Linux - NetworkingThis forum is for any issue related to networks or networking.
Routing, network cards, OSI, etc. Anything is fair game.
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I had a gigabit ethernet switch connected to a wrt54g wireless router connected to an apple airport connected to a cable modem, in that order. There was a lightning storm and, I don't remember which, but it came through either the cable or the power. At any rate, it fried about half of the gigabit ethernet switch including the uplink port, so I had to replace it. It seems to have damaged the downlink, to the switch port of the wrt54g, but NOT the uplink to the apple airport ?!?
A while ago I had a cable modem and an ethernet card fried by lightning. The card still appeared for the computer (this was a windows2000 machine I think) but no connection.
But here I'm wondering how much slower my connection likely is on the wireless router because of the damage. Any suggestions? I could write a throughput tool I guess and plug the uplink into another computer, but is this a common thing? I.e., that an electrical appliance is damaged but not broken?
PS: I say "wireless router" a lot, but that's just the model, I'm only using it as wired.
Distribution: Mandriva 2009 X86_64 suse 11.3 X86_64 Centos X86_64 Debian X86_64 Linux MInt 86_64 OS X
Are you sure that is caused by lightning storm ?
Even if it was a indirect hit the damage will be much more than you describe.
Well one point is that I do not know in you're country the power supply and telephone line is under ground or not.
Here every thing in under ground and still the advice is during a lightning storm unplug it from the power socket and take areal out
And if it is indirect hit so it hit something nearby a areal or something like that the damage is great
Since you have seen this more than once, you really should invest in a UPS. Even if you only get one large enough to keep your system up (with everything plugged in) for a couple of minutes it will protect everything that is plugged into it. Since you have cable internet make sure to get one that protects cable throughput too. Odd power can lead to early failure of electronic equipment and cause lots of strange (often unrepeatable) behavior in computers and other electronics.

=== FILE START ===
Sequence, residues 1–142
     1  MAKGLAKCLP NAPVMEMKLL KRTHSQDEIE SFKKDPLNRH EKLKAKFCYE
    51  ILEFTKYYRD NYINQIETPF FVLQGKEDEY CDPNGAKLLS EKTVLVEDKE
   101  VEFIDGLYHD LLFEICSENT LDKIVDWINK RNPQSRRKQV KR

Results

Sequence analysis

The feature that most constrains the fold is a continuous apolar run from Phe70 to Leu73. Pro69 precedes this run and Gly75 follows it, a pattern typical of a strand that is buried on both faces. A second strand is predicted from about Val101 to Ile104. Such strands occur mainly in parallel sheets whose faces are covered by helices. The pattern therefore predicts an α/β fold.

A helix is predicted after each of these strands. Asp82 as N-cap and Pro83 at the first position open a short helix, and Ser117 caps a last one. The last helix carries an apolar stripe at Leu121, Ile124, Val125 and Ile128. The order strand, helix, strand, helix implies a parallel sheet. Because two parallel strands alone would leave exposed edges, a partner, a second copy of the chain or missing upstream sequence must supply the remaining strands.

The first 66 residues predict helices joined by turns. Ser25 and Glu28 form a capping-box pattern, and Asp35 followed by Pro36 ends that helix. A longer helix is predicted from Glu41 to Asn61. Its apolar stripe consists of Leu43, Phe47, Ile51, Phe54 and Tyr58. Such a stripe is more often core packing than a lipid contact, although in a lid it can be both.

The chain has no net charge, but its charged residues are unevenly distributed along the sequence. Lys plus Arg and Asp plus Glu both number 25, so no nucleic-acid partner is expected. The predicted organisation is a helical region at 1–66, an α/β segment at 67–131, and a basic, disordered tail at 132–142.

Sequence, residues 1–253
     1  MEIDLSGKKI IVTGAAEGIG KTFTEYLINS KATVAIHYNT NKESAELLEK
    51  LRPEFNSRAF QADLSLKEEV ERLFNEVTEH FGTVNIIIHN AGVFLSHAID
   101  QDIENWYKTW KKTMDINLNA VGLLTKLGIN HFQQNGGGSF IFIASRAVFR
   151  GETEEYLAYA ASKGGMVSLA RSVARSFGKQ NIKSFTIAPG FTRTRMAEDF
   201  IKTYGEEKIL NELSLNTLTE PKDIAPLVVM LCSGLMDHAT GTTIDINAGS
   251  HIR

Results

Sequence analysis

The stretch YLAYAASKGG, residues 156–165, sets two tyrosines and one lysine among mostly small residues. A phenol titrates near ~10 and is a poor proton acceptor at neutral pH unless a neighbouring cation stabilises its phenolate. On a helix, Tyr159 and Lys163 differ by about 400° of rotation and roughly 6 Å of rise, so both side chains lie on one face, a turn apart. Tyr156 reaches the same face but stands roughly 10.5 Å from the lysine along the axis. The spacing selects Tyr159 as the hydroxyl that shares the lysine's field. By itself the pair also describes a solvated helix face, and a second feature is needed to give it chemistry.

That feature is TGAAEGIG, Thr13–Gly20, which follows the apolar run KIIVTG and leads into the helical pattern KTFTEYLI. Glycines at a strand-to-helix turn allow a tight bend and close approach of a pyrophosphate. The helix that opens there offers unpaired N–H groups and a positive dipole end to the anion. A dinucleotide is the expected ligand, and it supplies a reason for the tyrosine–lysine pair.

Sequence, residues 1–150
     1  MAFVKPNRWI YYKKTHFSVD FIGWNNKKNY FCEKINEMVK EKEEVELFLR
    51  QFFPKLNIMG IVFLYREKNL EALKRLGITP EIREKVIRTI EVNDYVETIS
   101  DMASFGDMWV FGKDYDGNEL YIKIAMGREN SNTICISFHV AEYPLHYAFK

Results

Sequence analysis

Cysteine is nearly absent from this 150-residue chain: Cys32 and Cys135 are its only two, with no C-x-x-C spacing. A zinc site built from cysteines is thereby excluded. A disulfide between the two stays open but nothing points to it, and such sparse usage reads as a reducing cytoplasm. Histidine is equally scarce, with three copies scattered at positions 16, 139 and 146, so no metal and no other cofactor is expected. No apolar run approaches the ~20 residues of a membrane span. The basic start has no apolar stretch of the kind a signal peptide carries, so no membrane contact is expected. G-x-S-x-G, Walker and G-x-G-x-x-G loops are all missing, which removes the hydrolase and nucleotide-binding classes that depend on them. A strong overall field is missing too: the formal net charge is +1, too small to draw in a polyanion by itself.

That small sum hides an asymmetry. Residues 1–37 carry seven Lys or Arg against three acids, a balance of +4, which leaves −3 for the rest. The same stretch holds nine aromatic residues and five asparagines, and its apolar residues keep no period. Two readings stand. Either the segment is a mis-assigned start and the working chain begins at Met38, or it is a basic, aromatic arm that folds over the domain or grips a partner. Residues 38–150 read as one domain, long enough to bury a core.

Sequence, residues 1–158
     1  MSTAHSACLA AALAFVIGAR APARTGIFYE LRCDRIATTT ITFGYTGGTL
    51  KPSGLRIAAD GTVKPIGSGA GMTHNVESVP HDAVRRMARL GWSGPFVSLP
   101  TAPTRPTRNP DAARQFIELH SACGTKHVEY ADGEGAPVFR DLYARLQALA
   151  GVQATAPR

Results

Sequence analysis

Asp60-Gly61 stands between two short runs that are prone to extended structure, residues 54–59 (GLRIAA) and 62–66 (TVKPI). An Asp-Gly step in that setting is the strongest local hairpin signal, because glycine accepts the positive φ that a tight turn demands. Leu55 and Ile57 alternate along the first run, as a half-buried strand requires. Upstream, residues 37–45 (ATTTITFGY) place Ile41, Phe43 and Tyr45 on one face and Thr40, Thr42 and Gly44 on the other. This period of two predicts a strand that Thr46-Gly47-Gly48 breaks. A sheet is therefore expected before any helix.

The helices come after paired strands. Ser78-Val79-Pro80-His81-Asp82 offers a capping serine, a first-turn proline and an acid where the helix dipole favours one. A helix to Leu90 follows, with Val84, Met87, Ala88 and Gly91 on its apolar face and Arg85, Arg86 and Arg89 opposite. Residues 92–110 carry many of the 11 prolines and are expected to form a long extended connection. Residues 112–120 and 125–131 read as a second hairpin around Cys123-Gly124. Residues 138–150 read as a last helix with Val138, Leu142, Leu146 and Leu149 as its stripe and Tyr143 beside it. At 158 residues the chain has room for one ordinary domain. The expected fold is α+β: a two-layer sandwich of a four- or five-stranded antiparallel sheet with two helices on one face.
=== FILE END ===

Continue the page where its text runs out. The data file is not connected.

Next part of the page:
A direct his probably equates to vapour deposition of your hardware on nearby objects. Sorry, I just couldn't help myself there. An indirect strike, will cause a significant voltage gradient outwards from the point of the strike hitting the earth. The field around this voltage gradient cuts through cables and induces huge currents in them. It is usually the voltage associated with these currents that do the damage, quite a distance from the point of the strike. It's why cattle should learn to stand on one hoof during lightning storms, because the gradient between any two legs can be in the order of several thousand volts, not good through either the heart or the testicles. Guaranteed to make the eyes light up - briefly. Zenner barriers seem to be a form of protection to protect equipment where the network outside a building is likely to suffer this form of disruption. No point in importing large voltages on lines between remote sites.
Well this storm snuck up pretty fast, and, being that my house didn't light on fire, I'm guessing it wasn't a direct hit.
I used to have a nice UPS but I was moving around a lot and I think some ex girlfriend I had to stay with has it now. I don't have the money to buy a new one. There are two or three surge protectors (decently expensive), with ethernet jacks at different points on the line. This blew through those apparently.
I think it hit the transformer outside, its above ground everything. I was there at the time, it snuck up very fast and it was the loudest crack I've ever heard, very bright.
But really, I'm wondering if anyone is, just in general, in the know about computer equipment functioning after any kind of surge damage, not necessarily lightning. Does it usually stop, does it work at 1/3 capacity? Is it intermittent? I mean I assume there's different cases. I think the gigabyte switch blew out because its circuit board had certain components too close together and the surge jumped something, shorted it, so only a few ports ended up working. But the routers a little weirder. Not sure why it would still basically work... just wondering, I doubt there's any stats on this kind of thing.